Political rifts stymie efforts to fight wildfires in Bosnia

Political rifts stymie efforts to fight wildfires in Bosnia
By bne IntelliNews August 16, 2021

Two members of the three-member Bosnian presidency have asked the high representative of the international community in Bosnia & Herzegovina to use his powers to enable the use of resources of the Bosnian Armed Forces to respond to fires that are active in several parts of the country.

Due to numerous fires in Herzegovina, local authorities have asked the Bosnian armed forces to send helicopters to help put out the fires. However, the requests were reportedly blocked by the Serb member of the Bosnian presidency, Milorad Dodik.

By law, the agreement of all three members of the presidency is necessary for the use of the armed forces. 

The other two members of the presidency, Sefik Dzaferovic and Zeljko Komsic, discussed the issue on Monday and decided to ask Christian Schmidt, who is tasked with overseeing the civilian implementation of the 1995 Dayton Peace Agreement in the country, for help.

It was not announced after the meeting whether an agreement had been reached with the high representative, though he did issue a statement calling for a "proper response" to the wildfires.

A statement from the office of the high representative said: “Wildfires are threatening parts of Bosnia & Herzegovina and that requires a proper response. Protection and rescue in response to natural disasters is a humanitarian issue that impacts all citizens in affected areas.

“[The] High Representative views this as an obligation for all to engage responsibly and do the right thing in order to be able to provide citizens with the appropriate assistance, whether domestic or international.

“The High Representative expects relevant domestic authorities to act within the scope of their responsibilities and address the pressing needs of local communities in areas affected by wildfires. In addition, the High Representative is following the situation closely and has requested detailed information from relevant agencies in order to be able to assess the gravity of the situation," the statement concluded. 

Past disagreements between top-level politicians in Bosnia have also damaged the country, including by hampering efforts to secure funds from the International Monetary Fund (IMF) or progress towards EU accession.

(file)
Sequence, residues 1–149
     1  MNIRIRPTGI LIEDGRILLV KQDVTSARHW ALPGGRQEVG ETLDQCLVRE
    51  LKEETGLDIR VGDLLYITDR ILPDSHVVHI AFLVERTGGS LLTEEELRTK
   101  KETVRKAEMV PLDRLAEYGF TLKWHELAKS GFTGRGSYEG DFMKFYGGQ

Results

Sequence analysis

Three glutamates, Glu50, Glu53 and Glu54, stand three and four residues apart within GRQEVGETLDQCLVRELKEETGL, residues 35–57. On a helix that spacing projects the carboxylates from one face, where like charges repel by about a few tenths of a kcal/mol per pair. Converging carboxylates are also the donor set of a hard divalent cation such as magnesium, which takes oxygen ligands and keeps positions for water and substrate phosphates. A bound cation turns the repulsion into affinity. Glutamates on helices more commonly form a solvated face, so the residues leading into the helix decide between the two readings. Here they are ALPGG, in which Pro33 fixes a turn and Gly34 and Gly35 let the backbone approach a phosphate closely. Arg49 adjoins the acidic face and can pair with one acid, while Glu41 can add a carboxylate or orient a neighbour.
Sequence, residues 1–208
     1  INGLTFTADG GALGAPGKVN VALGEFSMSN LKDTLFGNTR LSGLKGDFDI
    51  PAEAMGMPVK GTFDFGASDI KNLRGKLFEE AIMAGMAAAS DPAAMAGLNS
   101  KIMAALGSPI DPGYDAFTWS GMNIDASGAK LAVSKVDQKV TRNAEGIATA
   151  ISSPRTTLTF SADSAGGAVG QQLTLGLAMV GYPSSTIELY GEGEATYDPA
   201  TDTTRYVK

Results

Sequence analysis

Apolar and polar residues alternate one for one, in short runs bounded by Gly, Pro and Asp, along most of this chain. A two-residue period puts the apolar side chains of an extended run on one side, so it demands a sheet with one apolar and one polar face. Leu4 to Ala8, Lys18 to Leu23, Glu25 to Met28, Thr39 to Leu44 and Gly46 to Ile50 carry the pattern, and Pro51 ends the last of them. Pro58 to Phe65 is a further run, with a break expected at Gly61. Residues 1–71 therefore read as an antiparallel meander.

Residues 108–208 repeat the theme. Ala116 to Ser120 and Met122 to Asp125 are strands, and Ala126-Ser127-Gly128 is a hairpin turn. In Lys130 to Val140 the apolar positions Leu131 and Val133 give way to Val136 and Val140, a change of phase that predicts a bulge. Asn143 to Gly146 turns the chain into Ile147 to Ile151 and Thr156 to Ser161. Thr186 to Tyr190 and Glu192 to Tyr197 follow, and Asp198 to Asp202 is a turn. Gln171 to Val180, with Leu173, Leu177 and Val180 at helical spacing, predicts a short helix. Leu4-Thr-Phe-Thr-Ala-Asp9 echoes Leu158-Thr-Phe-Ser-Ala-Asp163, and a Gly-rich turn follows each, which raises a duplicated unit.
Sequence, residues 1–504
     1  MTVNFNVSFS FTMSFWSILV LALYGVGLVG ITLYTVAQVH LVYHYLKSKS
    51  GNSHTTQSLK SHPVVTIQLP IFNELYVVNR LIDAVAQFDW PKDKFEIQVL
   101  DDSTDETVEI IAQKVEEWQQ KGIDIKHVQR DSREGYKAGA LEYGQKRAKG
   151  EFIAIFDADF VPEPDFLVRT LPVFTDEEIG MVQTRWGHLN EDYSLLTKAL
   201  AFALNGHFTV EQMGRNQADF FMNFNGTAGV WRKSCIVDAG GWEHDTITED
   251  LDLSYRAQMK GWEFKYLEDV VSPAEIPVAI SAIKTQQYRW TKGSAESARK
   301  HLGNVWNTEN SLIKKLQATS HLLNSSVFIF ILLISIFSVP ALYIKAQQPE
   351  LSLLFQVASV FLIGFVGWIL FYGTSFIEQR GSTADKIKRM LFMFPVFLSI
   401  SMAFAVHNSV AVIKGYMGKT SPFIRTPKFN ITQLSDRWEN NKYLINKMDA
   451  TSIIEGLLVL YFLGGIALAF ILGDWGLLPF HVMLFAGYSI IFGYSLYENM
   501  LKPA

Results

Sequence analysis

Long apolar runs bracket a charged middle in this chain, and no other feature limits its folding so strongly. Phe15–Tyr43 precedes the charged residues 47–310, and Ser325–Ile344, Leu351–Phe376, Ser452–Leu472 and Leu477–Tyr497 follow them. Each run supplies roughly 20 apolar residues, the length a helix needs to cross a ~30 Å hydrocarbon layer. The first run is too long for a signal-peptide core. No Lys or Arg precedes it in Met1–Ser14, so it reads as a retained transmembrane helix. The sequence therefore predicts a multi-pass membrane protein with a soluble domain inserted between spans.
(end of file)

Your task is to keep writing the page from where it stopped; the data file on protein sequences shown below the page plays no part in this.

One of the worst affected areas by the fires is Jablanica in Herzegovina-Neretva Canton, a popular tourist destination. The mayor of Jablanica, Damir Sabanovic, has filed a criminal complaint against Dodik.

A statement from the municipality said the complaint had been filed against Dodik, saying that by refusing to consent to the use of Bosnian air force helicopters he is “knowingly and intentionally harmed another, and in this case failed or refused to react, and committed a criminal offence by failing to perform his official duties”. 

The criminal complaint states: “the consequences of the suspect's failure to act, ie failure to take actions for which he is authorised and obliged to take, the damage is increasing and the consequences are increasing because the fire is spreading and endangering protected endemic plant species at Plasa-Cvrsnica a total of 70 or more protected areas of nature.”

In the meantime, Croatian Air Force fire-fighting planes managed to contain three wildfires in the Siroki Brijeg area, while many fire sites are still active in the Mostar and Jablanica areas.

A statement from the Croatian defence ministry said that Canadair CL-415 aircraft from the Firefighting Special Forces of the Croatian Armed Forces was sent to Bosnia to provide humanitarian assistance in extinguishing fires. 

"The Air Force of the 855th Fire Squadron is engaged for the fourth time in the territory of Bosnia and Herzegovina, where they provide humanitarian assistance in extinguishing fires,” said Defence Minister Mario Banozic, according to the statement. 

“This is another proof that the Croatian Army is ready to respond and make available its capacities to countries seeking assistance in order to strengthen the existing forces for responding to disasters and catastrophes, which are used after all national capacities of the country requesting assistance have been used.

Bosnia is just one of numerous countries across Southeast Europe to have been affected by wildfires. Albania, Greece, North Macedonia and Turkey have all be fighting wildfires since the end of July.